All she could think about was her runny nose, her allergies.
EuStacia Moss stood on stage in a long line of black gowns, mortarboard pinned to her brown twists, and sneezed. Loudly.
She texted family members like crazy for some Kleenex. None obliged, not wanting to interrupt the special occasion at the CenturyLink Center, where the College of St. Mary was holding its commencement exercise.
So EuStacia sniffed and did what she has always done. She tilted her head up and kept walking.
Moving forward, one step at a time.
This is how you become a college graduate at age 34, an improbable destination for someone whose hardships began early.
Her earliest memory is being kicked in the mouth at age 3. She remembers being told she was “bad.” She remembers moving from home to home, from institution to institution, too many places to count.
The memories are a blur. The Nebraska Children's Home Society. The Child Saving Institute. Uta Halee. Salvation Army. Bouncing from one relative to the next. The foster home where older kids had to help younger kids and had to work in the family's grocery store.
EuStacia finally had it. At 15, she ran away and spent a summer breaking into strangers' homes while they were at work. She would make herself something to eat, meticulously clean up, find a spot in the basement to sleep and then leave before anyone got home.
“I knew how to hide,” she said.
Did she ever. A foster child like EuStacia might have a ream of paperwork, might have a warrantlike order for her to be returned to the state's care.
But she spent the summer running around with her favorite cousin, who also had a troubled childhood and is now serving two life sentences for murder.
At the end of the summer, EuStacia turned herself in to police because it was time for school — the solitary constant in her rootless life that she could not bear to miss.
EuStacia landed back in foster care and to no one's surprise but her own was pregnant at age 15. A chorus of adult voices told her she couldn't do it. Babies having babies do not finish school, do not go on to lead productive lives, do not become good mothers, do not end cycles of poverty. She was urged to give up her child.
But she kept the child, and she did finish school, graduating on time and near the top of her class from the old Father Flanagan High in 1997. By then, EuStacia was living on her own with her young daughter, Natalia, determined to do the opposite of how she was raised. Artwork on the walls. Books. Praising her daughter.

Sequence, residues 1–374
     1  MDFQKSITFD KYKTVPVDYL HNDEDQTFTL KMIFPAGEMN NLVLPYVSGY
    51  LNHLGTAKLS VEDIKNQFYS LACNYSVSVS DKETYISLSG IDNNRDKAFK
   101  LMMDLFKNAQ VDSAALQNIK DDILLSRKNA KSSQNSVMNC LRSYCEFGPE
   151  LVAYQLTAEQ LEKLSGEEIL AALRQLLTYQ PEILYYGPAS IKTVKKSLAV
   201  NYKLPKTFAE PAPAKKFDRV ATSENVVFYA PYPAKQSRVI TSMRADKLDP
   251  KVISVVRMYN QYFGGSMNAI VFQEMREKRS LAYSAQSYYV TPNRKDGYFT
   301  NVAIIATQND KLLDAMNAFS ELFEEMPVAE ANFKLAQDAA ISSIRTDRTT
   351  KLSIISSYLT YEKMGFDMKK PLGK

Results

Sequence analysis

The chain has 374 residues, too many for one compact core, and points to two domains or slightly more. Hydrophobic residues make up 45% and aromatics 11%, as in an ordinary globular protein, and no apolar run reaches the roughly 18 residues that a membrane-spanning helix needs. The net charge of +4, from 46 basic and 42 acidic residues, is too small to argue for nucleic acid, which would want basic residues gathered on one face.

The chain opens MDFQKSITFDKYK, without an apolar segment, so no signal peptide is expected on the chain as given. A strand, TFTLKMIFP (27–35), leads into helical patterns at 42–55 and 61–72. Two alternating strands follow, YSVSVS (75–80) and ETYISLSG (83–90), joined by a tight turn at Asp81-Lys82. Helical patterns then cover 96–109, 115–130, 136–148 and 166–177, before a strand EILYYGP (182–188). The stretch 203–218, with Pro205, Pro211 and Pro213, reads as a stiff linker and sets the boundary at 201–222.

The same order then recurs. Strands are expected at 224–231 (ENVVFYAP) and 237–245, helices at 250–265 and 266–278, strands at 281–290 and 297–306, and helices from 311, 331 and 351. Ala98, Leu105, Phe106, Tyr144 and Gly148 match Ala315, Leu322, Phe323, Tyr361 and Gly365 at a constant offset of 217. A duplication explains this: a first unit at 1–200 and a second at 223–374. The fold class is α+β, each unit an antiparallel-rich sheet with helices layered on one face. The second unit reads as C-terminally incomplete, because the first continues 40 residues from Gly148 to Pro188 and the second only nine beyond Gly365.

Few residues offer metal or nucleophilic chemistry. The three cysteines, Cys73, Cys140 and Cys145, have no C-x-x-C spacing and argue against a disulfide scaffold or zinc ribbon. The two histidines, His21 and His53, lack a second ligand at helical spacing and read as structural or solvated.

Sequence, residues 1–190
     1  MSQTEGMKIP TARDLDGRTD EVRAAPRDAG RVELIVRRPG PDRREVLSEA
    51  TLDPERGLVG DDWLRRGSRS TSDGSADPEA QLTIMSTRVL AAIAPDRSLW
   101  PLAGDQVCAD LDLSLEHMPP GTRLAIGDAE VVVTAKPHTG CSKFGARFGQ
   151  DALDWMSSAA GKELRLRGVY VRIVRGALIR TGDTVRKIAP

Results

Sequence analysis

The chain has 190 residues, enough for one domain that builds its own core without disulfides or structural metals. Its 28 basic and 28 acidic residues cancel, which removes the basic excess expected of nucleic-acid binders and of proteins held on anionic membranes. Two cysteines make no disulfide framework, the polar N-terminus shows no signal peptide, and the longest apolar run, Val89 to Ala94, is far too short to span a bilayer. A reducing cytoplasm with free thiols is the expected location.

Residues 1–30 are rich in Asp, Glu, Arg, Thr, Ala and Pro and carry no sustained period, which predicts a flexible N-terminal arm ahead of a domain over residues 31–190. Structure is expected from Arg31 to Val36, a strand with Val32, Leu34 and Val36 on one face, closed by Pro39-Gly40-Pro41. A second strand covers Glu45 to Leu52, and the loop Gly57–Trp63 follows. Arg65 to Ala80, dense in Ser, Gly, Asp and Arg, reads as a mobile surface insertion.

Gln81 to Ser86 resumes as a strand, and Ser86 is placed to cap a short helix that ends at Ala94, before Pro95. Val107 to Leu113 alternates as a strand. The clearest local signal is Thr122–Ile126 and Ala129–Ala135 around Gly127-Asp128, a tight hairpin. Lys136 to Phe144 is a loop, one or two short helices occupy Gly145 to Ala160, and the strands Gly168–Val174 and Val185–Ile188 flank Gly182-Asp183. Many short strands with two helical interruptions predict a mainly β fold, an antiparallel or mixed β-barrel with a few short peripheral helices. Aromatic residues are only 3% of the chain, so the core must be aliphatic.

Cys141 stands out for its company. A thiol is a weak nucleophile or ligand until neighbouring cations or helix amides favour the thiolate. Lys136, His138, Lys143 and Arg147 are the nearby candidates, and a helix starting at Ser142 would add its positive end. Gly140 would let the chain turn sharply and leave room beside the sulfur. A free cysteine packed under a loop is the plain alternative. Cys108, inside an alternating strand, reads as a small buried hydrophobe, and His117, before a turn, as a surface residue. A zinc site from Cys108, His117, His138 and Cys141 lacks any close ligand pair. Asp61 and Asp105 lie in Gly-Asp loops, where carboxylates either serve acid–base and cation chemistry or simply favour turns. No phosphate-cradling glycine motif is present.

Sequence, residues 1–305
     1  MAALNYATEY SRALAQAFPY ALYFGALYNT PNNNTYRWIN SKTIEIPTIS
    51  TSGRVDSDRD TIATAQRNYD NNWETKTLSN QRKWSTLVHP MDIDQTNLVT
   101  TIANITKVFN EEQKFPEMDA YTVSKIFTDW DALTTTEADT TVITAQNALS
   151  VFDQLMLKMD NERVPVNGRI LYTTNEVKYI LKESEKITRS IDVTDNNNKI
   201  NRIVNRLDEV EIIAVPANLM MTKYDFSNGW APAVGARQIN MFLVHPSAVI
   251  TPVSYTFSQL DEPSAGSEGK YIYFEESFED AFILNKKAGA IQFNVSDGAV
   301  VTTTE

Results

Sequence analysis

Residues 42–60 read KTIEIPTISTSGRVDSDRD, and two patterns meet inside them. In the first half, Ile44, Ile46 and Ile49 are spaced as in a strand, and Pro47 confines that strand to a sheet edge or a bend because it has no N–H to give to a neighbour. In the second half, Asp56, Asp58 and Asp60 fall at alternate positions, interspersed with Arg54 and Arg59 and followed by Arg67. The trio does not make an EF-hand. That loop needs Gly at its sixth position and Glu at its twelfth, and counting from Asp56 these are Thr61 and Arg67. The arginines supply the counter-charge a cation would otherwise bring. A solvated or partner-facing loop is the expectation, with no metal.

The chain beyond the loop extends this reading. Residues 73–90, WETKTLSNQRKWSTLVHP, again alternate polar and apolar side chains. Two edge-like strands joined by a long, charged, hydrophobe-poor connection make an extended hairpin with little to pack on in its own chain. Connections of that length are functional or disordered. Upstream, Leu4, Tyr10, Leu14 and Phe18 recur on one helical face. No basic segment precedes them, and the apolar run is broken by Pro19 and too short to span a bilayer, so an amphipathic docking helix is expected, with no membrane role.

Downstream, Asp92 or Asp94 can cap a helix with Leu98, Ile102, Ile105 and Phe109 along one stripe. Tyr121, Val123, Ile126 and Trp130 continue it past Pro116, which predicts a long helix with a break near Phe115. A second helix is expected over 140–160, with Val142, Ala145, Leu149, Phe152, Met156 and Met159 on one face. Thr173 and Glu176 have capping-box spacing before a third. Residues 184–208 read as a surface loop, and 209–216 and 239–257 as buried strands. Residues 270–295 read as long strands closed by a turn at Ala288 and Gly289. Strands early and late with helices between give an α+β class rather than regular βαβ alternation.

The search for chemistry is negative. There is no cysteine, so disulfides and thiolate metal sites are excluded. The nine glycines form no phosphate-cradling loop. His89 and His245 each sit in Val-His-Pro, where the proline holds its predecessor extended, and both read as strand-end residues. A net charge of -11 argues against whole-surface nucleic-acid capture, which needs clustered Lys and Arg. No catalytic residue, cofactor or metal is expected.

The next dozen years brought more challenges: a marriage that ended in divorce, three more daughters, uterine cancer.
Through it all, EuStacia relied on what had gotten her through childhood: putting one foot in front of the other, moving forward regardless.
She got by doing telemarketing and driving a school bus and living in government-subsidized housing. The court had ordered child support, but none of the fathers of her children pitched in, she said.
When her youngest daughter entered kindergarten in 2009, EuStacia made good on a promise to herself. She, too, went to school.
The College of St. Mary gave her a full scholarship. EuStacia was nervous: Would the students be all white? All young? All removed from the kind of life she had?
Could she hack it in the classroom after a decade away? Could she add this kind of full-time commitment to an already jampacked schedule that included full-time work as a school bus driver and raising four girls?
Take it a step at a time, she told herself.
When the city said her rental house was too unsafe and gave her 30 days to leave, she kept walking.
EuStacia studied for midterms AND moved her family into a new place. She made the dean's list that semester.
When she thought the College of St. Mary needed more diversity training, she got the college to start a black history class and a campus group that promotes African-American culture.
When she couldn't drive school buses AND do required academic fieldwork during her junior year, she kept walking. EuStacia quit the best-paying job she had ever had and rationed her small student loans to cover the bills.
Walk, walk, walk, she told herself.
To senior year. Across the stage at CenturyLink. From one graduation (hers) to another (Natalia's, from Omaha Northwest High School).
Her journey is far from complete.
EuStacia wants to earn a master's degree in social work. She wants to open a home for pregnant foster girls. She wants to buy a house, to finish the memoir she has begun, to see Natalia through college. Natalia plans to attend the University of Nebraska at Omaha this fall, studying music education and Spanish. EuStacia wants to see her other daughters — Luxola, 13, Kiara, 10, and A'Myrah, 9 — complete their college educations.
EuStacia says she doesn't regret her childhood.
“It made me who I am,” she said. “I don't wish it upon anyone else. But I'm really grateful. ... I like the person I've become.”
We talk for more than an hour at the lovely, light-filled student commons on the College of St. Mary campus, and EuStacia springs up.
She's got to be at her job in five minutes — she works as a caregiver for elderly, homebound people.
She walks out of the building and past a statue of a woman who is walking.
The College of St. Mary has embraced this symbol.
It's everywhere here on campus, along with banners that read: “Walk Tall.”
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